When Justin Simien's movie, "Dear White People," debuted at the Sundance Film Festival in 2014, it was described in more than one review as an "Obama-era satire." But more than a year into the Trump era, "Dear White People" is as relevant as ever.
Now a Netflix series in its second season, the show follows a group of black students at a fictional, predominantly white, Ivy League college called Winchester University. It's a comedy that's not afraid to delve into deep social commentary about truth, race, and what it means to be an American.
The Frame host John Horn recently spoke with the show's creator, Justin Simien, about the series and how he hopes it can help people have empathy for others.
On the historical research he did for the new season:
I'm always trying to dig down to what the deeper issue is. I think the instinct is that "Dear White People" is just a topical series of talking points. But it actually isn't — in our heads anyways. The sort of banter and the way they articulate their ideas is sort of the frosting. The actual cake is made up of a character study in one part, but also a study of human nature — a study of this country. One of the things that I desperately needed to see in history was what was happening to me in the present, which was that I found myself in the center of these alt-right attacks online, some of which were coming from armies of fake accounts. I was trying to get a grasp on what this phenomenon was and why it was so different than when we put the movie out. The deeper I dig, the more I realize this is actually a tradition in America.
On the online attacks he received after the first season was released:
When I started to think about it in the context of history, it would bring me to tears because these people don't fully realize the tradition that they're actually carrying on. It's a tradition that has often turned fatal and violent and has blotted out millions of people's voices. I'm lucky that it's just on Twitter for me. It's not like a physical reality when I walk around my neighborhood or [a situation where] people don't like what I have to say and they're chasing me down. This was the experience of most black people for most of the time in this country. Jack Moore, he's a white writer on our staff of all black writers, and he oddly enough got some of the worst hate. I think because people saw that he was a white guy or something, I'm not sure. But he was really made a target of this stuff. I thought it would be interesting to have this conversation play out where it's not really clear who the show is siding with at all. Because they both make really interesting points.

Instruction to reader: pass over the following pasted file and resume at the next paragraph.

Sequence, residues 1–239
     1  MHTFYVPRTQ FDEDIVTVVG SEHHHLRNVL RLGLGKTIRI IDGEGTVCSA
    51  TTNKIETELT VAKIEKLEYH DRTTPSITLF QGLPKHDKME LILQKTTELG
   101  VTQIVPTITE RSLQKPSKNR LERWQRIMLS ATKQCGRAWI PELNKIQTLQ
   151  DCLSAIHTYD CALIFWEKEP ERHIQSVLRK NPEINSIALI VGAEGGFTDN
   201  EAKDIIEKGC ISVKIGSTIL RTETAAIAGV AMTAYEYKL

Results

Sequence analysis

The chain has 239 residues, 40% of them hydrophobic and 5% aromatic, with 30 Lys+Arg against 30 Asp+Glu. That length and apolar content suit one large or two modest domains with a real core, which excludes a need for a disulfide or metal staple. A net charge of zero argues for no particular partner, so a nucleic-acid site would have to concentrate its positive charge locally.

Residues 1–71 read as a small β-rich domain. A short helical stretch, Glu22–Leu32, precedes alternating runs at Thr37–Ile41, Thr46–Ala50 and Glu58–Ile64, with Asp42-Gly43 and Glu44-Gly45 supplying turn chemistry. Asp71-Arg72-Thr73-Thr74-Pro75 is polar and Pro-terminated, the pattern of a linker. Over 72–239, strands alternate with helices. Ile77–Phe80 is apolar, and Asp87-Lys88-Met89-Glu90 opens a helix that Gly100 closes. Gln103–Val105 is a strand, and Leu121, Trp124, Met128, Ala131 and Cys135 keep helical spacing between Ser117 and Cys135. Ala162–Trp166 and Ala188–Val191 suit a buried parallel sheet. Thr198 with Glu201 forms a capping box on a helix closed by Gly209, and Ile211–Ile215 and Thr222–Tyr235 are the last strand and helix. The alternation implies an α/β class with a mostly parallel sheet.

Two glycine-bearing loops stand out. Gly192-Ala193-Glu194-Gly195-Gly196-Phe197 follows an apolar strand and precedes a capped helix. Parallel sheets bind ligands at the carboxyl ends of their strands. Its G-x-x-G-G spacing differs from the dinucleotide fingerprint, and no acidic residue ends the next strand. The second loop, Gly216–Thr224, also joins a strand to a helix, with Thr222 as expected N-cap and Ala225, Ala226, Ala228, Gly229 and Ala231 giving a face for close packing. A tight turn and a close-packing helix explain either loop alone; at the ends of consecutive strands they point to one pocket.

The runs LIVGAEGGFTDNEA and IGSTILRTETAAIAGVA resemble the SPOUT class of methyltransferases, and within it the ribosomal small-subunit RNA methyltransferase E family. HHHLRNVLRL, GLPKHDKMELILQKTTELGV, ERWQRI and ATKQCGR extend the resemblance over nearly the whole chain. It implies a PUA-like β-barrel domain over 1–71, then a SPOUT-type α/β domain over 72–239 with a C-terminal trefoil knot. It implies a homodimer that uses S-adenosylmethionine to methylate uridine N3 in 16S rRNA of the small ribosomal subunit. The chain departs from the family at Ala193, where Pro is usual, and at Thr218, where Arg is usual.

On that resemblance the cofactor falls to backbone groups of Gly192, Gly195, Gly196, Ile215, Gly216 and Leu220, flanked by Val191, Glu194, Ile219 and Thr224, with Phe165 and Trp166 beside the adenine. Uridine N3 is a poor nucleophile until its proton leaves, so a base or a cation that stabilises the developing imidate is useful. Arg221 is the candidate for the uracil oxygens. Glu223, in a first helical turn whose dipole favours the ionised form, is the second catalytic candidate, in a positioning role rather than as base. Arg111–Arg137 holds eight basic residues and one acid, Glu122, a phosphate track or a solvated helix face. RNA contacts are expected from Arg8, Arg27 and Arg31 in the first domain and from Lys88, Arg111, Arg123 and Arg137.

On the issues he wanted to address in season 2:
I think this season there's a sense of urgency to diagnose the issue. I think amnesia, fake news — these are all buzz words but they describe the American condition to a T. The more you dig, the more you really look, you sort of get past what you vaguely remember from history class and you realize there's always been this concerted effort in this country to erase the voices of marginalized people because it makes people feel bad. Honestly, that's what it comes down to. We want to just cut into our Thanksgiving turkey and not think about the genocide that preceded our being here. We want to be like, Oh, Manifest Destiny— God wanted us to have this, but really not deal with any of the consequences of what that meant. We don't want to drill down into the fact that All men are created equal was only about white men who had enough money to own property in this country. That's all it applied to. Nobody else was created equal. That's why nobody else is mentioned. And so, these are the things that you'd rather not look at, but we must, because slavery is a wound in this country. And like Malcolm X said, you don't heal the wound by pretending the knife was never there. You have to address the wound.